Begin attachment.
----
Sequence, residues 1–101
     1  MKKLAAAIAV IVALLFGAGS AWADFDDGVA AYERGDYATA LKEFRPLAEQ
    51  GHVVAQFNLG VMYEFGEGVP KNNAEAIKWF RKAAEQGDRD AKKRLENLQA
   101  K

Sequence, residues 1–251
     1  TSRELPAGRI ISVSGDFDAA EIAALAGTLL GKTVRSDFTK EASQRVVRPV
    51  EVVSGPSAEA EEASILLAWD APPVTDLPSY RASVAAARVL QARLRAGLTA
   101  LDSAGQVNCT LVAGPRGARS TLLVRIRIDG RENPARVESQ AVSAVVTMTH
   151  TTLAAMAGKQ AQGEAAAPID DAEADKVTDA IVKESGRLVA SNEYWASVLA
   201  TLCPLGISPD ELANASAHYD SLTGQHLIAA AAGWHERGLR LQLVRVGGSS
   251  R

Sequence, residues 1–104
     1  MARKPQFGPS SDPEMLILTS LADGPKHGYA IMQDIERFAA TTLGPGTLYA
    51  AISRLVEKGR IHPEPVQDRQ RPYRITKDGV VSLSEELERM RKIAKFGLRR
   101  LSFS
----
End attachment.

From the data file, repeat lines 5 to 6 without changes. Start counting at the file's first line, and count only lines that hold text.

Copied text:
Sequence, residues 1–251
     1  TSRELPAGRI ISVSGDFDAA EIAALAGTLL GKTVRSDFTK EASQRVVRPV